I should say to him, 'Here is a man who is wiser than I am; but you said that I was the wisest.' Accordingly I went to one who had the reputation of wisdom, and observed him--his name I need not mention; he was a politician whom I selected for examination--and the result was as follows: When I began to talk with him, I could not help thinking that he was not really wise, although he was thought wise by many, and still wiser by himself; and thereupon I tried to explain to him that he thought himself wise, but was not really wise; and the consequence was that he hated me, and his enmity was shared by several who were present and heard me.
Then I went to one man after another, being not unconscious of the enmity which I provoked, and I lamented and feared this: but necessity was laid upon me,--the word of God, I thought, ought to be considered first.
But I do not allege this as the reason, for I had the same feeling for Pope, who was not like either of them.
I will not pretend that I was insensible to the grossness of the poet's time, which I found often enough in the poet's verse, as well as the goodness of his nature, and my father seems to have felt a certain misgiving about it.
Then I certainly ought not
to shrink from going through with the argument so long as I have reason to think that you, Thrasymachus, are speaking your real mind; for I do believe that you are now in earnest and are not
amusing yourself at our expense.
CRITO: I come to bring you a message which is sad and painful; not
, as I believe, to yourself, but to all of us who are your friends, and saddest of all to me.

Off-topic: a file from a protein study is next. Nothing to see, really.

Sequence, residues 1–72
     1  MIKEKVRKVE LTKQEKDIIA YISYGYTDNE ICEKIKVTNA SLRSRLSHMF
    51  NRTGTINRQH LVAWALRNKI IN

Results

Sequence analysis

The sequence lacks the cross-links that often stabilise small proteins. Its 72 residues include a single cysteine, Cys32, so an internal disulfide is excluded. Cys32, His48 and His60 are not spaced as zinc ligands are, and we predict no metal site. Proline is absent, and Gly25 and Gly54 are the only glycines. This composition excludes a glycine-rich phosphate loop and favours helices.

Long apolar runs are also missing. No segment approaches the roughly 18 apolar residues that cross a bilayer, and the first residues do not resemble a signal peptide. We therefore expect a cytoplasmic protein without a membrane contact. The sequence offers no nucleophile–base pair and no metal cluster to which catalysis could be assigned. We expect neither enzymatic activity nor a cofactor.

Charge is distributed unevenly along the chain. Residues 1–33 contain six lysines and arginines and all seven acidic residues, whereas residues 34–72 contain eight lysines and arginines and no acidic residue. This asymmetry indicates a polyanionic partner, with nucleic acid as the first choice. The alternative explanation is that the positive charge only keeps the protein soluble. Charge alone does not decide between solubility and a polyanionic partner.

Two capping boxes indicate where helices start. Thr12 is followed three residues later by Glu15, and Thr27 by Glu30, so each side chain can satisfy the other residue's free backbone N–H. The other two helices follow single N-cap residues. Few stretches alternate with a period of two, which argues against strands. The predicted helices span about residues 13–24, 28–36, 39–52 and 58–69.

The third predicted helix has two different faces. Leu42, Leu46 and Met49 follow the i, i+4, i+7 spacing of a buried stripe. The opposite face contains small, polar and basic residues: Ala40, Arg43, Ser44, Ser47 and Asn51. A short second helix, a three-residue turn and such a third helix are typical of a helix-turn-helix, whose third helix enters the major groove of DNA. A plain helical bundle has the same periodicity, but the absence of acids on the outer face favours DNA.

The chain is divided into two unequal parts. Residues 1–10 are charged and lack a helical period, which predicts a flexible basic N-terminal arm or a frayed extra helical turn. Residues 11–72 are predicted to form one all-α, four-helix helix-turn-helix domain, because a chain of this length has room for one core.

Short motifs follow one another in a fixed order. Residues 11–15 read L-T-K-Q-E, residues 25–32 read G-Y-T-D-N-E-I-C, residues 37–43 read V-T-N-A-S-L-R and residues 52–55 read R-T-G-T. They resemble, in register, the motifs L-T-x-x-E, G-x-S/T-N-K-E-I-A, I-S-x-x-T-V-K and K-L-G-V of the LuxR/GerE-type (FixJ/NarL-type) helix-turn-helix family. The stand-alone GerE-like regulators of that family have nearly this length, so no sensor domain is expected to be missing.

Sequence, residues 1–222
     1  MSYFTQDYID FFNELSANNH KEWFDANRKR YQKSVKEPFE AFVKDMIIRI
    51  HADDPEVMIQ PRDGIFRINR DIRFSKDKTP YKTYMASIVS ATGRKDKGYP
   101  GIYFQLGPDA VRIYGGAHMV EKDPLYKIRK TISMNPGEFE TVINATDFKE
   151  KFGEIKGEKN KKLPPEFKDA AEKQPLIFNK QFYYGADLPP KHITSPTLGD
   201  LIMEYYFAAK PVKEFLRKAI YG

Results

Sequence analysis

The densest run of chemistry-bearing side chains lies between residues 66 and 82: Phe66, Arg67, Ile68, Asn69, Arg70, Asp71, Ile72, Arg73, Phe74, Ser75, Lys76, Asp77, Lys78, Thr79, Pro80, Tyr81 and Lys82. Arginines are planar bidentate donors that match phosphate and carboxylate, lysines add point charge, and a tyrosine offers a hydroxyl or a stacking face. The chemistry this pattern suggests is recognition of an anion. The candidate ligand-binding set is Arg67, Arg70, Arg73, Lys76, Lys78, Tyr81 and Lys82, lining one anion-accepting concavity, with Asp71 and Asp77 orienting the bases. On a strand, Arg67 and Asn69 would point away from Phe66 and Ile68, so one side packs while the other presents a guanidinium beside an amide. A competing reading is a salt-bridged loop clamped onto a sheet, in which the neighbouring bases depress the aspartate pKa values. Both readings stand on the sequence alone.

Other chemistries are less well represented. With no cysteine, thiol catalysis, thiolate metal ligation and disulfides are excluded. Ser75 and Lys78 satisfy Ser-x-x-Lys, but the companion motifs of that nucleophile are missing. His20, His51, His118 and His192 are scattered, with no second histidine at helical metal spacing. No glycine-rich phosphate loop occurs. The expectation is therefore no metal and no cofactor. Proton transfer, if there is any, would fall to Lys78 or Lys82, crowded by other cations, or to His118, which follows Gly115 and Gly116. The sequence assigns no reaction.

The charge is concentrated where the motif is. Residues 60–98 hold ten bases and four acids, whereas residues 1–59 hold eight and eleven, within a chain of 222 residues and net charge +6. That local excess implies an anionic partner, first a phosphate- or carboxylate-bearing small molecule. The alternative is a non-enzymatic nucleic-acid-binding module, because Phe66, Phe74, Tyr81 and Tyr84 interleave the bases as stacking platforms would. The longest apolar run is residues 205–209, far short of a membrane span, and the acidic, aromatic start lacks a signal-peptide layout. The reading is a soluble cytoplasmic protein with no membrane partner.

The three others still continued together, walking in a most uncomfortable manner to poor Catherine; sometimes not
a word was said, sometimes she was again attacked with supplications or reproaches, and her arm was still linked within Isabella's, though their hearts were at war.
Sometimes, however, reciprocity of correlation does not
appear to exist.
SOCRATES: I have not
a good memory, Meno, and therefore I cannot now tell what I thought of him at the time.
Now I say that those dominions which, when acquired, are added to an ancient state by him who acquires them, are either of the same country and language, or they are not
. When they are, it is easier to hold them, especially when they have not
been accustomed to self- government; and to hold them securely it is enough to have destroyed the family of the prince who was ruling them; because the two peoples, preserving in other things the old conditions, and not
being unlike in customs, will live quietly together, as one has seen in Brittany, Burgundy, Gascony, and Normandy, which have been bound to France for so long a time: and, although there may be some difference in language, nevertheless the customs are alike, and the people will easily be able to get on amongst themselves.
Gay, volatile and giddy -- is he not
? And little given to thinking.
After all, the practical reason why, when the power is once in the hands of the people, a majority are permitted, and for a long period continue, to rule is not
because they are most likely to be in the right, nor because this seems fairest to the minority, but because they are physically the strongest.